Tuesday, April 17, 2012

Marvel Heroic RPG: A Review

Marvel Heroic by Margaret Weis
I got a chance this last weekend to play the new Marvel Heroic RPG from Margaret Weis with two different groups, my home group and at my FLGS. I wanted to take a couple days before writing this to really make sure that I had a chance to think over my impressions of the game and now I can safely say that its great. I had a great time playing and was really impressed by the Cortex Plus system.

Cortex (Gets an A) Plus:
The Cortex Plus system is a dice pool mechanic, which means that you add dice to your pile based on what action you're trying to take and your characters data file (example: Captain America). Each character has stats for affiliation (whether they're alone, with one other hero or on a team), distinction (personal idioms and viewpoints), lists of their power sets and any specialties. Using Captain America as an example, say he is leading the New Avengers and going to throw his shield at the Grey Gargoyle.

He would get a d10 for being in a team environment, a d8 for leading by example, a d8 for using his super strength to throw, another d8 for using the shield as a weapon and finally a d10 for being a combat master. In total he would roll 3d8+2d10. After rolling, the player adds 2 of the dice to get a total and uses a third die as the effect die (the number rolled has no effect, just the size).

This system can take a couple rolls to really get the hang of, but once you've got that under your belt it becomes very fast to read down the page and add dice as you go. I also really like how it opens up the characters and power sets for interpretation and creative uses. If you want to use Cap's shield to deflect bullets, just use its durability instead, if you want to use it as a sled to go down the side of a building, use the durability and Captain America's acrobatic expert. The stats and power sets really become a toolbox and let the player decide how to use them.

A Story Telling Game:
My favorite thing about this game is that they really designed it to feel like you're playing out a comic book. Players rounds are compared to a panel in a book, so if it could fit in a panel, you can do it. This eliminates worry about timing details such as character speed that I feel can slow down other games.

For example, in one game, Matt Murdock (played by me) needed to run to the security room to retrieve his briefcase that contained his Daredevil costume. In other games, this could have easily kept me out of the action for multiple rounds, but it just took me saying what I needed to do and it was done. my actions could easily fit into a panel or two and thus I didn't need to worry about slowing the story down.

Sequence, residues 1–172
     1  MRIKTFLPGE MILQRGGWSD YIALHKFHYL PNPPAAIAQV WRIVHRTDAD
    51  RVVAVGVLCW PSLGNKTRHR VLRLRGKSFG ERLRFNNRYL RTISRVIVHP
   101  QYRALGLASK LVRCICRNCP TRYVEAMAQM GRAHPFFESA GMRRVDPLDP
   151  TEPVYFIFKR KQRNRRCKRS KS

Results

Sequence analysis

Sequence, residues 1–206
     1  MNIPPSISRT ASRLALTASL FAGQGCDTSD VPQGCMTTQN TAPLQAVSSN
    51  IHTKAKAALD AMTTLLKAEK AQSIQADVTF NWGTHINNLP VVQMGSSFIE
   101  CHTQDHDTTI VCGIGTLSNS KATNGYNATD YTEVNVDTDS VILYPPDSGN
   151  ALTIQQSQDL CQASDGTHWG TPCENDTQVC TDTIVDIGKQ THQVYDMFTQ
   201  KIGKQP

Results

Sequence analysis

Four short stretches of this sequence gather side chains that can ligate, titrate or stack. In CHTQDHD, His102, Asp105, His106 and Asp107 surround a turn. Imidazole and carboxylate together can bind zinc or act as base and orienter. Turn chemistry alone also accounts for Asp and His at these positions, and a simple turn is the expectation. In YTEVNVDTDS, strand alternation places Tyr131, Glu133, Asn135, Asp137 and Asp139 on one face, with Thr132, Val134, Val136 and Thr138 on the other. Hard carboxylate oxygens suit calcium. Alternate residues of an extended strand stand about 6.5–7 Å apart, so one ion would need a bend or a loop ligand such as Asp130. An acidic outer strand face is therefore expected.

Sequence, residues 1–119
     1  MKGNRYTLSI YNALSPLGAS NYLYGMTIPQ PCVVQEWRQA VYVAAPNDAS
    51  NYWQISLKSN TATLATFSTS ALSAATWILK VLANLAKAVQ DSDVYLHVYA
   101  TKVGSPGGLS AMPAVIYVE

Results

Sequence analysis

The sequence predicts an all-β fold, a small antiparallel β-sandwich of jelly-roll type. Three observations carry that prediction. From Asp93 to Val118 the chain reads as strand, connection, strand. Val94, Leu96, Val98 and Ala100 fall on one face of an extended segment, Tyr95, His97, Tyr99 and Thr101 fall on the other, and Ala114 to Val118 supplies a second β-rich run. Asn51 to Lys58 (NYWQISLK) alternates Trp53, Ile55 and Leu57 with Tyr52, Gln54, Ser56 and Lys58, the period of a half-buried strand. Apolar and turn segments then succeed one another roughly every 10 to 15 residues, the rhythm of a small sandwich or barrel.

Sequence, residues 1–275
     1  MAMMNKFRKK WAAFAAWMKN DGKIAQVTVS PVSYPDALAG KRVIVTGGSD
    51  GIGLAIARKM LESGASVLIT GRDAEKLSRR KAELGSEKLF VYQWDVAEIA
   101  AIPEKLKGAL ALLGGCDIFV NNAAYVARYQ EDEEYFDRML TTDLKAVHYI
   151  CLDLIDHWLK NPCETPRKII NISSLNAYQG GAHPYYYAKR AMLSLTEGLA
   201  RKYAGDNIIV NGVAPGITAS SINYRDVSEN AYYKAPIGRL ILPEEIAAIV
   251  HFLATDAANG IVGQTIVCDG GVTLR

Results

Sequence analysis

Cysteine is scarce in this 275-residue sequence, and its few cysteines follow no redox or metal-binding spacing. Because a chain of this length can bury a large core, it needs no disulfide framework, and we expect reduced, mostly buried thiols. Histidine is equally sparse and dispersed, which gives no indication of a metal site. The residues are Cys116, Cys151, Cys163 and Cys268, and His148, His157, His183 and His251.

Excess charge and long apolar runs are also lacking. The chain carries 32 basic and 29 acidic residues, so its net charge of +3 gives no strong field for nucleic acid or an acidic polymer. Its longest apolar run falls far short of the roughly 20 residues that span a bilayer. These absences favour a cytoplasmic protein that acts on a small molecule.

The initiative system also reflects the emphasis the game places on story. Essentially, after one character performs his actions, he gets to choose who goes next. This keeps the action focused on where the players want. Do you want to see how Carnage responds to Spider-Man jump kicking him? Or would you rather go and see how Iron Man is doing with the security system? This can also keep everyone alert to what's going on, as you never know when it will be your turn to roll.

Extreme Opposition
Every dice roll in MHRPG is an opposed roll, meaning that two players roll their dice and compare the outcome. If the attacking character gets a higher total, then the attack is a success. If the defender wins, then the attack misses and the defender has a chance to counter-attack. Everything flows, actions can lead into other actions. The game feels very organic and smooth as play proceeds around the table.

Never Split The Party (Unless You Want To)
In most games I've seen, it really behooves the players to stick together at all costs. MHRPG is designed so that sometimes it may be in your best interest to split up into teams of 2 or even go it alone. This leads to difference scenes being played simultaneously across a larger set piece.

I played the same event in both of the games I played in, the Breakout story included in the Basis Manual. What was really cool though, was that the story played out completely differently based on the characters that were chosen. In the first game, Iron Fist and Luke Cage were escorting Foggy Nelson to the lower levels while Iron Man and Human Torch were above ground when the event started. This caused the game to be broken into the two scenes. In my second game, all three characters (Spider-Man, Daredevil and Luke Cage) started together which had the majority of the battles to occur in the same area, although characters did split off from time to time to do their own thing. It was fantastic not to feel boxed in by what was written or by what the game master had planned for us.

What's Not Too Love
I'm trying not to lavish too much praise so I don't come across as a paid stooge (although I'd gladly become one), but I can't really think of anything I didn't like about the game. The only thing I can think of is just to make sure this is right for your group. If you want a more structured game where every conceivable possibility has a (mostly) clearly defined rule, then this may not be for you. This game rewards free play and open interpretation of the datafiles and rules.

I look forward to playing this some more and for more events and character to be made available. Especially the upcoming Annihilation book. I loves me some Marvel Cosmic.

Have you had the chance to play yet? Did you like it as much as I did?

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